They were probably made by Dutchmen working at the Royal Dockyard, William III having brought many skilled workmen in his train. It may be noted also that the muntins* are unusually heavy, as would naturally be the case if made by men used to constructing for high sea storms.
The handsomest case
Figure 2 is the handsomest of these cases - walnut veneer on oak, like the first. There are two of this type, both of which have a removable second story, built probably a few years later to house additional models, but these are not shown, as they detract greatly from the beauty of the original.
Though exceedingly simple, the design of the case is very fine both in proportion and in detail. In the latter respect, the quality of the mouldings and the turning of the legs are particularly worthy of attention. In these pieces also the glazing is mainly original, most of the panes having the slight bevel characteristic of all plate quality and subtle harmony with the glass of this time.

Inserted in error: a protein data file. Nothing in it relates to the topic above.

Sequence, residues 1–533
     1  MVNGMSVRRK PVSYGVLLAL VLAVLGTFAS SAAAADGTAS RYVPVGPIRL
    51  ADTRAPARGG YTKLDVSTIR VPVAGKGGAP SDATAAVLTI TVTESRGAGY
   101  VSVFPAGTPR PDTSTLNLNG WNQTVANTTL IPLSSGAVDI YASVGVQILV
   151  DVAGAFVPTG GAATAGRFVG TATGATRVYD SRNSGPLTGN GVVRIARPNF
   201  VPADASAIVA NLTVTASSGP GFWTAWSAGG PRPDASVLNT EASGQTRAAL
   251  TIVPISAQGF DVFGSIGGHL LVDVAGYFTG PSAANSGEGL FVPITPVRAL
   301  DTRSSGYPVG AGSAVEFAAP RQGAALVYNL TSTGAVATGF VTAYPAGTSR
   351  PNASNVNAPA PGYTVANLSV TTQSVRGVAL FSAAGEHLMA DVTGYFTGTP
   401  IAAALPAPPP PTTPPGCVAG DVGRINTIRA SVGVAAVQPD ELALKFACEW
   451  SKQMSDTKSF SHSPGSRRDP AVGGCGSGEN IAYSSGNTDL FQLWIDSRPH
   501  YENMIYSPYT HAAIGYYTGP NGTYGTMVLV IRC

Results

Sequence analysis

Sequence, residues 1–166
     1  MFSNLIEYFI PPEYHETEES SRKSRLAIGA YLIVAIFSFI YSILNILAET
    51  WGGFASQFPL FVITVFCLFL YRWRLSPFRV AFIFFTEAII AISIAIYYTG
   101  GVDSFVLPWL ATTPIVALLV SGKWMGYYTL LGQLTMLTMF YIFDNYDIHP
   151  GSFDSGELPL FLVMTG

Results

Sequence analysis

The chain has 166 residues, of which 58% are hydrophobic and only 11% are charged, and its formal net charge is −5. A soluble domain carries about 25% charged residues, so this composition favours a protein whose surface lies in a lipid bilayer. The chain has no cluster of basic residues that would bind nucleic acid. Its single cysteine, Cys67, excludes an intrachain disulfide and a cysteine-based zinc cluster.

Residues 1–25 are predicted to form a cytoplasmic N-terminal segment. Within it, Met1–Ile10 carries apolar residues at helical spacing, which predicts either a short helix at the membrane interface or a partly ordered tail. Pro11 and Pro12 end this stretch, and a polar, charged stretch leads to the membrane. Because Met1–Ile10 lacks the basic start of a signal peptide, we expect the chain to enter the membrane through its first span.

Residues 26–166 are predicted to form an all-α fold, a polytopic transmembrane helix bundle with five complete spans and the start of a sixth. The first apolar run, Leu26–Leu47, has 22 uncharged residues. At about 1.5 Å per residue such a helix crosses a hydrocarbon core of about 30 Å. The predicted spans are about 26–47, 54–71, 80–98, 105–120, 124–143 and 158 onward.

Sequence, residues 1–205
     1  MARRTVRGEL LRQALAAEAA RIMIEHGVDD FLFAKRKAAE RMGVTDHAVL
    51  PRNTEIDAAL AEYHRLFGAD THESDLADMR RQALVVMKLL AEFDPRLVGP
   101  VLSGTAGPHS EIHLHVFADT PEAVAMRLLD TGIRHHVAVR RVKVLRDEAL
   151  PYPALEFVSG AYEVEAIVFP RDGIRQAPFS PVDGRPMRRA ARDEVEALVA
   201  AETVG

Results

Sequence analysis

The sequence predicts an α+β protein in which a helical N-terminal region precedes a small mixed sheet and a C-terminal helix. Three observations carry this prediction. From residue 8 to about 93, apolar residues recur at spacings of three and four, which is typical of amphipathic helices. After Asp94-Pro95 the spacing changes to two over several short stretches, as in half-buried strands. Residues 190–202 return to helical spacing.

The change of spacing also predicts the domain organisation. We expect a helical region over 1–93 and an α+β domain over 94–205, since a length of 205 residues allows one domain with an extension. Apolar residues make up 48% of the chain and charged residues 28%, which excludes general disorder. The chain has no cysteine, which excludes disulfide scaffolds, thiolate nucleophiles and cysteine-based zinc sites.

The other cases are cruder in both workmanship and material, being of oak stained to a walnut colour. The stand of the largest one, exhibiting the full-rigged model, is a modern substitute, the old one probably having collapsed under the weight of the case. This lack of strength in the stand is one of the main defects of the type and style, especially when the middle leg at the back is omitted, as it is in two of the series.
Although for the purpose of seeing the models a modern plate-glass cabinet is more practical, the old cases more than balance this disadvantage by their own decorative quality and subtle harmony with the models themselves. In this environment, too, it is easy enough to imagine old Sergison at our elbow, discoursing of the glories of the British navy, when she actually 'beat the Dutch'.
* mutins: a bar or rigid supporting strip between adjacent panes of glass; a glazing bar.
The Metropolitan Museum of Art Bulletin Vol. 18, No. 8 (August 1923), pp. 190-192
Published by: The Metropolitan Museum of Art, https://www.jstor.org/stable/3254613
Read the full article about the models at Export of Cuckfield Models results in National Maritime Museum
Contributed by Malcolm Davison.